The Sun and the Moon
In August of 1835, The New York Daily Sun , edited by Benjamin Day, began running a series of articles about the discovery of life on the moon.
The articles, written by Sun journalist Richard Adams Locke, claimed that a well-known British astronomer, John Herschel, had made the discoveries with his powerful telescope. (4)
Each installment of the series fascinated readers with descriptions of the moon's landscape, strange critters and furry, winged bat men. New Yorkers couldn't get enough of the story, and the Sun's circulation skyrocketed.
The series was so popular that many rival newspapers began printing it. But when a journalist from the Journal of Commerce asked the Sun's for permission to print the series in a pamphlet, Locke finally confessed that the whole thing was a hoax.(4)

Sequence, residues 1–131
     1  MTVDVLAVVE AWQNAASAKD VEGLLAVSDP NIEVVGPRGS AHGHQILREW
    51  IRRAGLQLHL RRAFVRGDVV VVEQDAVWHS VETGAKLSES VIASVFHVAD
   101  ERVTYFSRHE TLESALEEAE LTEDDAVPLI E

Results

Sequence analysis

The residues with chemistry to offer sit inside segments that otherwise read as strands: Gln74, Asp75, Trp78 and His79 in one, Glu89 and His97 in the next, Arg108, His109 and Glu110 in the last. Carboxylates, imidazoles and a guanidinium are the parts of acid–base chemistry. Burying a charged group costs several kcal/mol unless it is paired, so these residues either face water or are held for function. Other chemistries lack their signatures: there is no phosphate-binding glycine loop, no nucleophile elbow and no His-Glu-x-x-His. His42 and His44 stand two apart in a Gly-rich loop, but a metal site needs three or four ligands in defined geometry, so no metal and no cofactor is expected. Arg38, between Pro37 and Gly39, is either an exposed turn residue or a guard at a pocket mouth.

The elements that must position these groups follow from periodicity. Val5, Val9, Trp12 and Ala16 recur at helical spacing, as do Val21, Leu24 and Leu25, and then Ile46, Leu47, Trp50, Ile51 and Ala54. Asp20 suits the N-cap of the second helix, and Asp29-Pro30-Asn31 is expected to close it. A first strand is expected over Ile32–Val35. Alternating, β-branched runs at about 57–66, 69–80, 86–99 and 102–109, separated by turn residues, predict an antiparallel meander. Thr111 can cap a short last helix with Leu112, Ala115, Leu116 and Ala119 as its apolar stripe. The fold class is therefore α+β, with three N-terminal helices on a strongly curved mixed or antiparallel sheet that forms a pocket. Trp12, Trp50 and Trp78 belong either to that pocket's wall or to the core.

Locke claimed that he wrote the moon series as a political commentary piece, and that the moon and its creatures were symbols of the current social climate. Audiences seemed to believe him because the Sun's circulation continued to soar even after the hoax was exposed.(4)